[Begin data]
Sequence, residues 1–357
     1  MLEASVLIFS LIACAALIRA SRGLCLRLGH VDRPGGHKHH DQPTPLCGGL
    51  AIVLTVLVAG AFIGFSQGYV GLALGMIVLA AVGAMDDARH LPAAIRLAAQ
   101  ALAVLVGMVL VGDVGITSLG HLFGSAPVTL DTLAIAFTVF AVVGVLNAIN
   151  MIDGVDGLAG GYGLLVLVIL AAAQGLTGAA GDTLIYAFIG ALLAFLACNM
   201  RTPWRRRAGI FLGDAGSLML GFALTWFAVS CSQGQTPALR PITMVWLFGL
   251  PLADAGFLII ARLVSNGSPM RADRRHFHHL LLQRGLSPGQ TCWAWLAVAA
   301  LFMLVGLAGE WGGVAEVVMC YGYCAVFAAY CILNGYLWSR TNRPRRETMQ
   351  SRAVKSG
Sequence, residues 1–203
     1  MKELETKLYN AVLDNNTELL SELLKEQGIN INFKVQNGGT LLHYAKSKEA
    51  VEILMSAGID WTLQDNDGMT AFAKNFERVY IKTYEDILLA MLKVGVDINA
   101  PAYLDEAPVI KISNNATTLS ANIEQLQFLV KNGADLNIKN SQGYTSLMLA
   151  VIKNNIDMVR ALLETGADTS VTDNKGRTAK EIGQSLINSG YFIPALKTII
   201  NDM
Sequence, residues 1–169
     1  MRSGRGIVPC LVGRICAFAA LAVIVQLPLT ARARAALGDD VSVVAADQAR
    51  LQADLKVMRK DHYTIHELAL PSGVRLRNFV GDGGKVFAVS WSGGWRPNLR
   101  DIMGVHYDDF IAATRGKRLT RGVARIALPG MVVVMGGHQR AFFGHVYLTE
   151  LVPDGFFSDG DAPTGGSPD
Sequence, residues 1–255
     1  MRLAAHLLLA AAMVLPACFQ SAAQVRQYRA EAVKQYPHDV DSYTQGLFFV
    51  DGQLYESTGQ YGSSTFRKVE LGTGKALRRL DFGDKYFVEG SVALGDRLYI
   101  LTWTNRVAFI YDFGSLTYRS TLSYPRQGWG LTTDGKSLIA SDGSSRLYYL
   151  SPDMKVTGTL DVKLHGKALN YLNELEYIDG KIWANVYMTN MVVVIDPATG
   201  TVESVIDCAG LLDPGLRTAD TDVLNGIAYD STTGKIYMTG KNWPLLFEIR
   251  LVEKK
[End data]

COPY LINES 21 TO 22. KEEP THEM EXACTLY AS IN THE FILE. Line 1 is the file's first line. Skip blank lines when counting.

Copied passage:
Sequence, residues 1–255
     1  MRLAAHLLLA AAMVLPACFQ SAAQVRQYRA EAVKQYPHDV DSYTQGLFFV